We reviewed respiratory infection outbreaks registered with the Public Health Laboratory (PHL), Ontario Agency for Health Protection and Promotion dating back to October 2007 (). Molecular detection methods were used for a subset of outbreaks registered during October 1, 2008–April 19, 2009. After emergence of severe respiratory illness clusters in Mexico in early April, intensified tracking of respiratory infection outbreaks in Ontario was undertaken. Consequently, more information was available on outbreaks registered during the spring (April 20 to June 12, 2009); these data comprise the bulk of the study.
Respiratory outbreak submissions to Ontario, Canada, public health laboratories by geographic location and season*
Respiratory infection outbreaks in LTCFs were defined as any of the following: 2 cases of acute respiratory tract illness, 1 of which was laboratory-confirmed; 3 cases of acute respiratory tract illness within 48 hours in a geographic area (e.g., unit, floor); and >2 units having a case of acute respiratory illness within a 48-hour period. Influenza-like-illness was defined as acute onset of respiratory illness with fever and cough with >1 of the following: sore throat, arthralgia, myalgia, or prostration.
From April 20 through June 12, 2009, a total of 112 respiratory infection outbreaks were registered. Molecular testing was not used in 29 outbreaks (e.g., insufficient/inappropriate sample). Most of the remaining 83 outbreaks submitted for molecular testing originated from LTCFs (91%); hospitals (2%), child care centers (2%), and psychiatric care facilities (1%) comprised the remainder. Facility type was not known for 4% of outbreaks tested. Mean age of persons tested as part of an outbreak investigation was 82 years (SD 13.96 years) and median age was 85 years; 95% were >57 years of age.
Testing on the 589 specimens received from 161 outbreaks registered from October 1, 2008 through June 12, 2009 was performed by real-time reverse transcription–PCR (RT-PCR) for the influenza A virus matrix gene and the Luminex Respiratory Viral Panel (RVP) (Luminex Molecular Diagnostics, Toronto, Ontario, Canada) for other respiratory viruses.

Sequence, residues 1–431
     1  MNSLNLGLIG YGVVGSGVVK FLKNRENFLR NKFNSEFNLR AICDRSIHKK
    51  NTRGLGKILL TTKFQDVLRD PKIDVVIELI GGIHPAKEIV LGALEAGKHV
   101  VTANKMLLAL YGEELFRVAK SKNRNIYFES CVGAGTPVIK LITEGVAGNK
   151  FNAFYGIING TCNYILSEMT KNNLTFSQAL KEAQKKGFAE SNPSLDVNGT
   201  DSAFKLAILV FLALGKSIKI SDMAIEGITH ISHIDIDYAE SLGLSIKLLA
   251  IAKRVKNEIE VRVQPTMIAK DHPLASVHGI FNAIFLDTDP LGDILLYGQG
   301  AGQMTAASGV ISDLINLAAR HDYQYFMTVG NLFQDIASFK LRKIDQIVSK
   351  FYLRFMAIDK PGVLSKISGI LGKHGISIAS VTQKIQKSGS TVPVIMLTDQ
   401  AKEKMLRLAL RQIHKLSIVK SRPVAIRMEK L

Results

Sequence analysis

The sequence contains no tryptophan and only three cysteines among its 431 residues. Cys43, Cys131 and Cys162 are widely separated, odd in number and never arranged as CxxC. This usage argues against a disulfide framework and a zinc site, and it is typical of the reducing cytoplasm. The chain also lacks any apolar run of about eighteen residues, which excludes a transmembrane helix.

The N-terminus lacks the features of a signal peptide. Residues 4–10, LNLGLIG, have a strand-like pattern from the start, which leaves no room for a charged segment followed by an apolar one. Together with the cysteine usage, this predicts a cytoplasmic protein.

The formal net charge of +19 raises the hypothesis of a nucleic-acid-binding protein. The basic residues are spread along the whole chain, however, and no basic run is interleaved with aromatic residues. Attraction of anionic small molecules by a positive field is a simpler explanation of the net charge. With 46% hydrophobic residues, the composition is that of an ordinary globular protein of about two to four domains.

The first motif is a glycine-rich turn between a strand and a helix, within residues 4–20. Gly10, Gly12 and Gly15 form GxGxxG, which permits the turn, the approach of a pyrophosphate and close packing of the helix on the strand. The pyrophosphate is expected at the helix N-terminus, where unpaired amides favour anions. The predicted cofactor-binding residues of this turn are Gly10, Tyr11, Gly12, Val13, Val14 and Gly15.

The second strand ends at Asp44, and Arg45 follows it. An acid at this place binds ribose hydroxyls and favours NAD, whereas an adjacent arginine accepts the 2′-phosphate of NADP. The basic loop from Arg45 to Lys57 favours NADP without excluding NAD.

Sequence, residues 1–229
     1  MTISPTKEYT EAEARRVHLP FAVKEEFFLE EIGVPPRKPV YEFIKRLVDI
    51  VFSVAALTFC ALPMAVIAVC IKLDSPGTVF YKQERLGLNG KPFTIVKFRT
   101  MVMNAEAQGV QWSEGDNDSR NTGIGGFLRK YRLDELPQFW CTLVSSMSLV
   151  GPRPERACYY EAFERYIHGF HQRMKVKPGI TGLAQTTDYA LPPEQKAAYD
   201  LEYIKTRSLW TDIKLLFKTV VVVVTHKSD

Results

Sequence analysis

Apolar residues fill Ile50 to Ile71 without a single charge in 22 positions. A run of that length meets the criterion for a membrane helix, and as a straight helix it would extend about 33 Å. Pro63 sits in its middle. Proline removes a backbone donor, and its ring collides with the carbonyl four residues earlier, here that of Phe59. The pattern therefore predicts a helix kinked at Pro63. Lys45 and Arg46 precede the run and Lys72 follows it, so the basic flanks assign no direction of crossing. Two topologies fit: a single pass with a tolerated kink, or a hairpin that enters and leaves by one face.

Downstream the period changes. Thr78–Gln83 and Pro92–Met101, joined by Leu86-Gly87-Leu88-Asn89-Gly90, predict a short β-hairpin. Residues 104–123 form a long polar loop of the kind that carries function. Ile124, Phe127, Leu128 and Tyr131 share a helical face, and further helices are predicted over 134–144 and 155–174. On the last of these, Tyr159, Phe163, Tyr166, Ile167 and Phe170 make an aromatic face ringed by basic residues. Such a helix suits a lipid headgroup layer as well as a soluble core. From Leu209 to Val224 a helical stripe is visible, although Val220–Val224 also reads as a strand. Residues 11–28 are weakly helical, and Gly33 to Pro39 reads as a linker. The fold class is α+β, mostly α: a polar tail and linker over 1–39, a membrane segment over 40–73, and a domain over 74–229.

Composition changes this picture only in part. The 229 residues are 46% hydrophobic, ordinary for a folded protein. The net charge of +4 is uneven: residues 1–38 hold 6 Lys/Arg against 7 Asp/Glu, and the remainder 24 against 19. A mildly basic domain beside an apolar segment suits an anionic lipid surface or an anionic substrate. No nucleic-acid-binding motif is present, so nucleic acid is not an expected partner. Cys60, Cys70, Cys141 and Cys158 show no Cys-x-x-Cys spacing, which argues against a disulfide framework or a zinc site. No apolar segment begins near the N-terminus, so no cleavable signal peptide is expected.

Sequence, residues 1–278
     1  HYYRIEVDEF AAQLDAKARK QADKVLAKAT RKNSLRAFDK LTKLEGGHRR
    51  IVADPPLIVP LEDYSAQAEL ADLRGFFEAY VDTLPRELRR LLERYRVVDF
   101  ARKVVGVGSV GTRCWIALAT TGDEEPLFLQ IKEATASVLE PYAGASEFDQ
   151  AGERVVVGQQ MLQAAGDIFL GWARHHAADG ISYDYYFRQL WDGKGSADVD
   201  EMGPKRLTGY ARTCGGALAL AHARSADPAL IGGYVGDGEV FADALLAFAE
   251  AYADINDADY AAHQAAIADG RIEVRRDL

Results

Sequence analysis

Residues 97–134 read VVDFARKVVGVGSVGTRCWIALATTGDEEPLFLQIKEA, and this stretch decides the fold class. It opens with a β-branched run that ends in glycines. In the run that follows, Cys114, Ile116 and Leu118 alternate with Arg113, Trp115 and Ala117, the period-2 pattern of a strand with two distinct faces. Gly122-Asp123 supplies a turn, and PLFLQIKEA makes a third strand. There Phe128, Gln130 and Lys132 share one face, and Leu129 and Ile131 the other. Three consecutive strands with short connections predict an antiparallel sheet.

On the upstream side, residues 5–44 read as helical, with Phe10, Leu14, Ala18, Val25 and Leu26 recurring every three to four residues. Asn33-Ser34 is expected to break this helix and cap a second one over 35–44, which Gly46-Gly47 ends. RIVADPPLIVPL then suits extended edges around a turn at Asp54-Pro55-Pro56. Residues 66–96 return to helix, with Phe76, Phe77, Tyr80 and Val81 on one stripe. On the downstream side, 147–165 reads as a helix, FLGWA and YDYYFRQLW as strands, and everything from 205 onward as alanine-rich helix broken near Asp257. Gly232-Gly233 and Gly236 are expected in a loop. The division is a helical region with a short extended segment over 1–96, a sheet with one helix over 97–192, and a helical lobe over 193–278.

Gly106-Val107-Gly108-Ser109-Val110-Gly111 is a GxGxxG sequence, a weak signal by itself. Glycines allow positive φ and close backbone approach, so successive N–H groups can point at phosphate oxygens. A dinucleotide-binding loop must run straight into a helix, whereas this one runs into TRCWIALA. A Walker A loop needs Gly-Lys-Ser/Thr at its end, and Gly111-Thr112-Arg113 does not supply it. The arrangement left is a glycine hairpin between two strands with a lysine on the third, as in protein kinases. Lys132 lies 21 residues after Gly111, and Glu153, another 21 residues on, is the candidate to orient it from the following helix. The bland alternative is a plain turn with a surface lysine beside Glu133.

An etiologic agent was identified in 89% of the 161 outbreaks tested by molecular methods. One-hundred-eleven (69%) were caused by 1 etiologic agent. Two and 3 different pathogens were identified in 24 (15%) and 6 (4%) outbreaks, respectively. Four pathogens were identified in 2 (1%) outbreaks. No etiologic agent was identified in 18 (11%) of the outbreaks tested by molecular methods, which includes 1 specimen in which the result was indeterminate for coronavirus OC43. A wide range of causative etiologic agents were detected for outbreaks by the RVP assay (). Specimens from most patients were positive for enterovirus/rhinovirus (114 patients) followed by metapneumovirus (85), parainfluenza virus type 3 (55), and human influenza virus A (H3) (41). No virus was identified in 186 patients.
Etiologic agents identified by the Luminex Respiratory Virus Panel* from samples submitted by regional health units during outbreaks, Canada†
Co-infections were noted in 22 of the patients tested by the RVP assay. In 1 LTCF outbreak, 2 patients had co-infection of an untypeable influenza A and enterovirus/rhinovirus on testing by RVP. An influenza A real-time RT-PCR result was negative in both patients; 1 patient had a co-infection with respiratory syncytial virus B and enterovirus/rhinovirus. Co-infections with coronavirus subtypes 229E and NL63 were the most common, observed in 10 of the 22 patients (45%) infected with multiple pathogens. Isolates from 1 patient were positive for 3 viruses (coronavirus subtypes 229E and NL63 and enterovirus/rhinovirus).
One of the 2 outbreaks identified as caused by pandemic (H1N1) 2009 originated from a LTCF was not observed until June 3, 2009, six weeks into the evolving pandemic, despite widespread community prevalence. The second pandemic (H1N1) 2009 outbreak, registered on June 11, 2009, originated from a hospital treating patients with influenza-like illness. Seasonal influenza (H1N1 and H3N2) or pandemic (H1N1 2009) was detected in 2,966 (25.5%), and pandemic (H1N1) 2009 in 2,203 (19%) of 11,612 persons tested at PHL for influenza A by real-time RT-PCR during April 20–June 12, 2009. Seasonal influenza A (H3N2) was only identified in 273 specimens (11.0%) of the 2,476 influenza A positive samples subtyped. However, it was the strain responsible for 15 (88%) of the typeable influenza A outbreaks at the same time. Seasonal influenza A (H1N1) was absent from institutional outbreaks and only detected in 41 (2%) of subtyped influenza A–positive samples from the general population.
Persons with laboratory-confirmed pandemic (H1N1) 2009 infection tested at the PHL, Ontario Agency for Health Protection and Promotion, were younger than those tested as part of outbreak investigations. Mean and median ages were 21.5 and 16 years, respectively; only 10% were >46 years of age.